Sec. Nutrition and Metabolism
Bovine Colostrum and Its Potential for Human Health and Nutrition
- 1Department of Molecular Biology and Genetics, Canakkale Onsekiz Mart University, Canakkale, Turkey
- 2Uluova Dairy, Canakkale, Turkey
- 3Evolve Biosystems, Inc. Davis, CA, United States
- 4Department of Food Science and Technology, University of Nebraska Lincoln, Lincoln, NE, United States
- 5Department of Nutrition, University of Nevada Reno, Reno, NV, United States
Colostrum is the first milk produced post-partum by mammals and is compositionally distinct from mature milk. Bovine colostrum has a long history of consumption by humans, and there have been a number of studies investigating its potential for applications in human nutrition and health. Extensive characterization of the constituent fractions has identified a wealth of potentially bioactive molecules, their potential for shaping neonatal development, and the potential for their application beyond the neonatal period. Proteins, fats, glycans, minerals, and vitamins are abundant in colostrum, and advances in dairy processing technologies have enabled the advancement of bovine colostrum from relative limitations of a fresh and unprocessed food to a variety of potential applications. In these forms, clinical studies have examined bovine colostrum as having the substantial potential to improve human health. This review discusses the macro-and micronutrient composition of colostrum as well as describing well-characterized bioactives found in bovine colostrum and their potential for human health. Current gaps in knowledge are also identified and future directions are considered in order to elevate the potential for bovine colostrum as a component of a healthy diet for a variety of relevant human populations.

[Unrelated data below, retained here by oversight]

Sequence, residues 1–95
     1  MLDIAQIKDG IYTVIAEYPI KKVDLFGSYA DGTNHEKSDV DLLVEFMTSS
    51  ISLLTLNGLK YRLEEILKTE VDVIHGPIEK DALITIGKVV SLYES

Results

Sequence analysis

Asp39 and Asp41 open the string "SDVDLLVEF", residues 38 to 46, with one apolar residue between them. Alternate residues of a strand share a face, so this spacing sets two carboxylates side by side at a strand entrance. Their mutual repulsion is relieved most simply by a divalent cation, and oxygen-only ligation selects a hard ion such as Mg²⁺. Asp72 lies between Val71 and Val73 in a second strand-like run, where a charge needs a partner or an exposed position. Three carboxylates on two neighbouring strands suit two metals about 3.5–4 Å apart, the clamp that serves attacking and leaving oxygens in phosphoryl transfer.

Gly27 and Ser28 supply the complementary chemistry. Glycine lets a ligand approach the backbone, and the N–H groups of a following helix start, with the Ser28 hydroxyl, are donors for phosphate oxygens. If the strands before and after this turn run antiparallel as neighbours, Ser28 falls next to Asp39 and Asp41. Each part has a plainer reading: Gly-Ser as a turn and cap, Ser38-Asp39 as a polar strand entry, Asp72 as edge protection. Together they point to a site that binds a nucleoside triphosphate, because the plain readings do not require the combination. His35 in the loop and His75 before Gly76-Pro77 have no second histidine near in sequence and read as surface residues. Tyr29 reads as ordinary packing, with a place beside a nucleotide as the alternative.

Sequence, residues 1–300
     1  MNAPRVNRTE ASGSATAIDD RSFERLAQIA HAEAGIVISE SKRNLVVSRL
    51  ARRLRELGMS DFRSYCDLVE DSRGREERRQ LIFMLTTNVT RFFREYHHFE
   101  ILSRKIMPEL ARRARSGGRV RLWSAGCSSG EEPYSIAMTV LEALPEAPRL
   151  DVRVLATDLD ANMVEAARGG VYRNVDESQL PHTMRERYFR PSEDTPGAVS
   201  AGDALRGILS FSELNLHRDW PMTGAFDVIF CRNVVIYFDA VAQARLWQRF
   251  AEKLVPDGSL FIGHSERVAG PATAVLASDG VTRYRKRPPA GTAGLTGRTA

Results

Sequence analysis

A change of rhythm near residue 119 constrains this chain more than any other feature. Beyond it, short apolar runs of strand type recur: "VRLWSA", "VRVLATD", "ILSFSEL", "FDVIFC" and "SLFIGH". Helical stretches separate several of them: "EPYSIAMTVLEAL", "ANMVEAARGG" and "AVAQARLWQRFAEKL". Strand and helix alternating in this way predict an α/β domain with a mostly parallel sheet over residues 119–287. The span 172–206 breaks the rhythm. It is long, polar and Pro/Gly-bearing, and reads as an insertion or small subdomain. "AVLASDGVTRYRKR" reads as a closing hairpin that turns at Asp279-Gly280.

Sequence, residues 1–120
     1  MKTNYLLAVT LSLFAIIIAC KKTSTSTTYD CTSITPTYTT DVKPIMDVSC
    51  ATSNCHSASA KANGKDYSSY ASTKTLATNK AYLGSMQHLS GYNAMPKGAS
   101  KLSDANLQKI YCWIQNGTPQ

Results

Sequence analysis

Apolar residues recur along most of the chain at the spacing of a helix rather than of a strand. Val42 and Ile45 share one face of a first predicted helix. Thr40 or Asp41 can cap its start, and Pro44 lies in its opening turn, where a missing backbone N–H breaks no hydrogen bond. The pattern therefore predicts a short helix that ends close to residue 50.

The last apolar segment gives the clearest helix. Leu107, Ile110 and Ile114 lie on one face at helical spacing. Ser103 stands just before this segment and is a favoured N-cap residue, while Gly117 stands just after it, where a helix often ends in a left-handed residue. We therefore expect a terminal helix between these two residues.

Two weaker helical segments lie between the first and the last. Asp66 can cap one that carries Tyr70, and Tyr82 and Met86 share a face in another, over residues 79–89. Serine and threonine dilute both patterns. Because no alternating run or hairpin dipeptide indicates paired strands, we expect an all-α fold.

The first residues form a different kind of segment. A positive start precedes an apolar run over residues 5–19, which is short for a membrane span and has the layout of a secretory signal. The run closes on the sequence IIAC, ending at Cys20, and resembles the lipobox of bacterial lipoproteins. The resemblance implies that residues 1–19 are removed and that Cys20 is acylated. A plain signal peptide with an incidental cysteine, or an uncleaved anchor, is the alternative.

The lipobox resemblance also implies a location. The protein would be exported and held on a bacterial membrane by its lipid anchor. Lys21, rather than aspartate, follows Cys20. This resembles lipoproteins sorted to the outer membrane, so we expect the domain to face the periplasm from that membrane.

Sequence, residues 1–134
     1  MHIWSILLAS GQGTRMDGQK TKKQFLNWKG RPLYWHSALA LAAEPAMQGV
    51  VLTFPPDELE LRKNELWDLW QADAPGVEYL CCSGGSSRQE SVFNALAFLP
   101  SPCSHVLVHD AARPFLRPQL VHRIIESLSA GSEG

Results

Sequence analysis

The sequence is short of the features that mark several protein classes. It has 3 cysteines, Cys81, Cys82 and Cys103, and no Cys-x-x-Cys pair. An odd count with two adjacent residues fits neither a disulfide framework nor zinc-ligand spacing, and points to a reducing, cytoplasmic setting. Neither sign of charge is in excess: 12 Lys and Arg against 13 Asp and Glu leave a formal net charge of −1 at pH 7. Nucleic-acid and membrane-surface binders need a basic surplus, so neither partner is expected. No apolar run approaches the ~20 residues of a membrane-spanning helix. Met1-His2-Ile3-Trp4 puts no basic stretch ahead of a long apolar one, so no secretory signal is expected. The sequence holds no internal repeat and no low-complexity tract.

Colostrum is the earliest milk produced from the mammary glands for the first few days after giving birth and is unique in its composition of essential nutrients, immune factors, and oligosaccharides that benefit the newborn (1, 2). In the case of cows, bovine colostrum is produced immediately after calving and quickly wanes to mature milk (3), which lacks the high level of beneficial nutrients found in bovine colostrum. There are several factors affecting the composition and physical properties of colostrum such as individuality, breed, parity, pre-partum nutrition, length of the dry period of cows, and time post-partum (4). Generally, colostrum has more fat, protein, peptides, non-protein nitrogen, ash, vitamins and minerals, hormones, growth factors, cytokines, nucleotides, and less lactose compared to mature milk content. The concentration of these compounds decreases rapidly in the first 3 days of lactation with the exception of lactose content (5–7).
While the consumption of human colostrum by infants has long been recognized as a source of critical bioactive proteins for infants (8), the consumption of animal colostrum is also practiced in many locations beyond the neonatal period (9, 10). In these cultures and regions, colostrum has long been consumed as a health food or for medicinal purposes, with cultural practices centered on the belief that animal colostrum was an important component of the development of healthy children and supportive of healthy or infirmed adults (9, 11, 12). While these cultural or regional beliefs are associated with this practice, the abundance of well-characterized bioactive compounds and selective prebiotic components of this food may further support this cultural knowledge from a scientific perspective.